oTwo essential elements of the crime of bigamy: a prior marriage, and a second marriage before the first marriage is dissolved oThe mens rea varies and in some cases criminal intent is not essentially to bigamy bore is good faith a defense; however in other states a reasonable belief that the first marriage was dissolved can be an affirmative defense •Actus Reus: Marriage, while previous marriage is still legally binding •Mens Rea: Knowing (although in some states it may be strict liability)

Incest
•Common law
oNot a crime, but it was punishable as an offense in the ecclesiastical courts in England oIn the US, incest is a statutory crime, the object of which is to prohibit sexual intercourse between those within certain degrees of relationships oIncest is as the intermarriage, or sexual relations without marriage, between a man and woman related to each other in any of the degrees of consanguinity or affinity within which marriage is prohibited

•MPC

oA person is guilty of incest, if he knowingly marries or cohabits of has sexual intercourse with an ancestor or descendant, or brother or sister of the whole or half blood o“cohabit” means live together under the representation of appearance of being married oThe relationships referred to herein include blood relationships without regard to legitimacy, and relationship of parent and child by adoption •State Statutes

oStatutes differ as to the degree of the relationship; however, they are fairly consistent in holding that marriage or sexual relations between father and daughter, mother and son, brother and sister, uncle and niece, and aunt and nephew are prohibited oSome statutes include first cousins but under other statutes, prohibition of marriage between first cousins does not make their marriage or cohabitation incest •Actus Reus: sexual intercourse or marriage, between two persons related by proscribed degrees of consanguinity of affinity •Mens Rea: Knowledge (of the relationship) (in most jurisdictions)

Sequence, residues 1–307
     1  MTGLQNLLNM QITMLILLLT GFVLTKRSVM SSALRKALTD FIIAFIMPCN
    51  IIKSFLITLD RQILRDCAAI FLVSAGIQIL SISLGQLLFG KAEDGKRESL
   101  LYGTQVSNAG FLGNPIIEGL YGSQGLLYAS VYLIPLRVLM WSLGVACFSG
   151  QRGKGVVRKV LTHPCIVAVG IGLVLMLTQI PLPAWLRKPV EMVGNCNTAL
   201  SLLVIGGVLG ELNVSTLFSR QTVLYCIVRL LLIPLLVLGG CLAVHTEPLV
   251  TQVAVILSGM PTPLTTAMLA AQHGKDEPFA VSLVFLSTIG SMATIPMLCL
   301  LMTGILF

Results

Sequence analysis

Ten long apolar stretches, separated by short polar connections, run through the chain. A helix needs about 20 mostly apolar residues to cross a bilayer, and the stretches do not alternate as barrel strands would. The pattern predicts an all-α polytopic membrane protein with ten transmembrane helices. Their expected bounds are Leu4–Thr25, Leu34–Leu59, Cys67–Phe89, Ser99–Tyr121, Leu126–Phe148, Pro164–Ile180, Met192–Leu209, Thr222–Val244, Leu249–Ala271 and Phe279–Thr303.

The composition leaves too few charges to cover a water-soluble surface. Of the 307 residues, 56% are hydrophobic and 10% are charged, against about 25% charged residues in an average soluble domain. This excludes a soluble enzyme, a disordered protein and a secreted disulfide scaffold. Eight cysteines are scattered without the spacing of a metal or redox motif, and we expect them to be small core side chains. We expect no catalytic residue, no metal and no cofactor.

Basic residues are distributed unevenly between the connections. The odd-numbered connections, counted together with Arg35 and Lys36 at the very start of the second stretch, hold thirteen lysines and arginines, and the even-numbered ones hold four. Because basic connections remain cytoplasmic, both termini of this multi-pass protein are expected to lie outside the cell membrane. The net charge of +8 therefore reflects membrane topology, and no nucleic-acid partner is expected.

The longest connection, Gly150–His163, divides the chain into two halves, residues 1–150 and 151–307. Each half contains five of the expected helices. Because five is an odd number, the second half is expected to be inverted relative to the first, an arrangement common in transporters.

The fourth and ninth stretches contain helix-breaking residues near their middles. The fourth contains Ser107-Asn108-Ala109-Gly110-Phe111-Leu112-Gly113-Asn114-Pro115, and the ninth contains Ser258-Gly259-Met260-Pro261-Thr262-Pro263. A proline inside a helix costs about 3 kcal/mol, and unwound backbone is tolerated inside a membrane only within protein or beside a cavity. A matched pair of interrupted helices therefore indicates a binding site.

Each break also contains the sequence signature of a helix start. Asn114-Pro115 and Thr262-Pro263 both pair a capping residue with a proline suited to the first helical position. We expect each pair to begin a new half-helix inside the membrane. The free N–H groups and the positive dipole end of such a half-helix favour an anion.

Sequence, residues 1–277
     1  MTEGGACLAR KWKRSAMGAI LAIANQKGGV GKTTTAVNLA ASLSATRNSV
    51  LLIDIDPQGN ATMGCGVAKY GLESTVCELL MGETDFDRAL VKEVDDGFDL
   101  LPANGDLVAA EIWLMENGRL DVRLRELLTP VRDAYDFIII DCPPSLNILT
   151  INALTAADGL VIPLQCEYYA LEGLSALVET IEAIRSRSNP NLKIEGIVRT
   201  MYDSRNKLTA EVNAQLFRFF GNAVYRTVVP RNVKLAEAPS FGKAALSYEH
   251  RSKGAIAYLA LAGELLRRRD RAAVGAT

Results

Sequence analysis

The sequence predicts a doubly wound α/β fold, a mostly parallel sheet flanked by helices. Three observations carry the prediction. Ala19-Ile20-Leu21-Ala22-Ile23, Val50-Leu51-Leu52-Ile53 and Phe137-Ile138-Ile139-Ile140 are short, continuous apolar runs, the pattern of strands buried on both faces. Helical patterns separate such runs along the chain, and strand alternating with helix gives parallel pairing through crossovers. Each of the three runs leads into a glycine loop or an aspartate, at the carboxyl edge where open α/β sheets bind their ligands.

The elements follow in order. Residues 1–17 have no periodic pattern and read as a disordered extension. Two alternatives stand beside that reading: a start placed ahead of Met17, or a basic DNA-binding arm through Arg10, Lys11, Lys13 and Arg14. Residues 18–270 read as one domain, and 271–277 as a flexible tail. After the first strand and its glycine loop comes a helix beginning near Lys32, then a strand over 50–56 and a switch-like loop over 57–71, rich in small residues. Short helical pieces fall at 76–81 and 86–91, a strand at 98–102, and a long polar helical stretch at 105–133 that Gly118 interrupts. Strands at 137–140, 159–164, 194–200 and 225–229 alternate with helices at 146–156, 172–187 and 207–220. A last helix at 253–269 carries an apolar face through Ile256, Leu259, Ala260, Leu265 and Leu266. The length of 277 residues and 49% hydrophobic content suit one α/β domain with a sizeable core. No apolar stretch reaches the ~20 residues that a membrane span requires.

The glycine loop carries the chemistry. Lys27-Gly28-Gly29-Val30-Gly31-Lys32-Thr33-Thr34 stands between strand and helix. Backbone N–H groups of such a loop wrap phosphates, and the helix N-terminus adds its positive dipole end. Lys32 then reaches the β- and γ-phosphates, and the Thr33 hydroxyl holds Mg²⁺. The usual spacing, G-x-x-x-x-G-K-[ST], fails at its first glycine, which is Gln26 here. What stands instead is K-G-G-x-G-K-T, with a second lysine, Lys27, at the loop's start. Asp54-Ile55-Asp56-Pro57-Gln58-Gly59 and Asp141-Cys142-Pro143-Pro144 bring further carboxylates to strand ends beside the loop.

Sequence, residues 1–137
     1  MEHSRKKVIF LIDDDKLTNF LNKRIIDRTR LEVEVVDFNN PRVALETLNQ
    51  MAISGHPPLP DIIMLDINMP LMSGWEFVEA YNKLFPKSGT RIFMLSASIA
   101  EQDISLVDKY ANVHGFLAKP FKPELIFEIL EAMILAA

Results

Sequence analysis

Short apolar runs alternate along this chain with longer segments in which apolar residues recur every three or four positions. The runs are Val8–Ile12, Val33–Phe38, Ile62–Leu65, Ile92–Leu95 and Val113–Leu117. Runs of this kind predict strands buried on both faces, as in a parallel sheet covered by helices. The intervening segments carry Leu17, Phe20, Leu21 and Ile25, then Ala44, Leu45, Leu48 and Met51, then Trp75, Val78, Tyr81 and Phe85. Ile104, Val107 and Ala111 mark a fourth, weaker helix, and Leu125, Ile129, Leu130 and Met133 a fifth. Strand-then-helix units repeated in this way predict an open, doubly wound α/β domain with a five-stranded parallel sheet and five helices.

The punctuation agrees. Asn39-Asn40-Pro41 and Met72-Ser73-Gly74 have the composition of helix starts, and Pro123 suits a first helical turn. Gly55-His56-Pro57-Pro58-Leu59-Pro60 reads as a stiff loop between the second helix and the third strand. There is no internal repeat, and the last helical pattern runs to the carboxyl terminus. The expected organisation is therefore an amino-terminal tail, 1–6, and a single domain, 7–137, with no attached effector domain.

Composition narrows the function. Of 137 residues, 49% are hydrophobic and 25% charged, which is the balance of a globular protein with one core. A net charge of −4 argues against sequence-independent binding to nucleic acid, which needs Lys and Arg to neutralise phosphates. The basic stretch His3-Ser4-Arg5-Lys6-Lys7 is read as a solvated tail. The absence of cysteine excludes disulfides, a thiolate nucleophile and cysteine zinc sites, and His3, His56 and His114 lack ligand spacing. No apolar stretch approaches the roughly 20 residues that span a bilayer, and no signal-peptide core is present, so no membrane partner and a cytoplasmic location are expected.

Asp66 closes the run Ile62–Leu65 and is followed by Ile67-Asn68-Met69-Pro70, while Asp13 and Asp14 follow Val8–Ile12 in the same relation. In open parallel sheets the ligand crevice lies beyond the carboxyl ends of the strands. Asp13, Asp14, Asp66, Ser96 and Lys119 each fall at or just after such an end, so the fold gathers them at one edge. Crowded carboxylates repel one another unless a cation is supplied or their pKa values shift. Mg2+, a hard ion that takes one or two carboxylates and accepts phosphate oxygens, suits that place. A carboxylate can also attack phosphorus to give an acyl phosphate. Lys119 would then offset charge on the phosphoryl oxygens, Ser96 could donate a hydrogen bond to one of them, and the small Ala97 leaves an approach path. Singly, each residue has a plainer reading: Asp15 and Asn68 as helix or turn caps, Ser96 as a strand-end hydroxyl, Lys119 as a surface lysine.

Child Endangerment
•Many states have a criminal statute that covers what is considered reckless endangerment of a child •These statutes typically do not require a mens rea of intent but do require knowing or recklessness, rather than simple negligence •They cover a wide variety of behavior including, but not limited to, allowing the child to drive, drink, be present when drug use is occurring, be present in sexually charged situations, and so on.

Abortion
•Common Law
oAbortion was not a crime under the common law
oIn fact, the fetus had virtually no legal protection because it was not defined as a person apart from the mother oAbortion: is the expulsion of the fetus at so early a person of uterogestation that it has not acquired the power of sustaining an independent life •Roe vs. Wade

oPurposely and unjustifiably terminating the pregnancy of another other than birth was a crime oThe elements of abortion (prior to Roe vs. Wade)
An intent to produce a miscarriage
Unlawful administration of drugs or noxious substances or using an instrument; and A resulting in miscarriage

•MPC
oVery complex and is patterned after the Roe v. Wade decision oElements: